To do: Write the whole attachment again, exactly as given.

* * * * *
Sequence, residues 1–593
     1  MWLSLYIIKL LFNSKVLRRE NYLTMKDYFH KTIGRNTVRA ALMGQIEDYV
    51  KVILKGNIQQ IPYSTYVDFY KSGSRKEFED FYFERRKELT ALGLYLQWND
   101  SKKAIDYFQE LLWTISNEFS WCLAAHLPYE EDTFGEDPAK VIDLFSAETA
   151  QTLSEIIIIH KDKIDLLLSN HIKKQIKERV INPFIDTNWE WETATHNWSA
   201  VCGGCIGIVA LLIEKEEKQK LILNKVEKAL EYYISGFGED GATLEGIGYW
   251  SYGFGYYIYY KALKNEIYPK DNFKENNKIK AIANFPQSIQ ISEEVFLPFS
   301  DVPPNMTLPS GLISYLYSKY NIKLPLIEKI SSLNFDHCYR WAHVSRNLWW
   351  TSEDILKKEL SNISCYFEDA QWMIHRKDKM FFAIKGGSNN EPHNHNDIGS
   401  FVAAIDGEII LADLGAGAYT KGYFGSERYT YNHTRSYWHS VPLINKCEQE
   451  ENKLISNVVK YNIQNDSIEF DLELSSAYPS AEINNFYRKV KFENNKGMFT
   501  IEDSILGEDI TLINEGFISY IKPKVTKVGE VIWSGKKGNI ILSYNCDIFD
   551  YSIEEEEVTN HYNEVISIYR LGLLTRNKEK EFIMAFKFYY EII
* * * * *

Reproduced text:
Sequence, residues 1–593
     1  MWLSLYIIKL LFNSKVLRRE NYLTMKDYFH KTIGRNTVRA ALMGQIEDYV
    51  KVILKGNIQQ IPYSTYVDFY KSGSRKEFED FYFERRKELT ALGLYLQWND
   101  SKKAIDYFQE LLWTISNEFS WCLAAHLPYE EDTFGEDPAK VIDLFSAETA
   151  QTLSEIIIIH KDKIDLLLSN HIKKQIKERV INPFIDTNWE WETATHNWSA
   201  VCGGCIGIVA LLIEKEEKQK LILNKVEKAL EYYISGFGED GATLEGIGYW
   251  SYGFGYYIYY KALKNEIYPK DNFKENNKIK AIANFPQSIQ ISEEVFLPFS
   301  DVPPNMTLPS GLISYLYSKY NIKLPLIEKI SSLNFDHCYR WAHVSRNLWW
   351  TSEDILKKEL SNISCYFEDA QWMIHRKDKM FFAIKGGSNN EPHNHNDIGS
   401  FVAAIDGEII LADLGAGAYT KGYFGSERYT YNHTRSYWHS VPLINKCEQE
   451  ENKLISNVVK YNIQNDSIEF DLELSSAYPS AEINNFYRKV KFENNKGMFT
   501  IEDSILGEDI TLINEGFISY IKPKVTKVGE VIWSGKKGNI ILSYNCDIFD
   551  YSIEEEEVTN HYNEVISIYR LGLLTRNKEK EFIMAFKFYY EII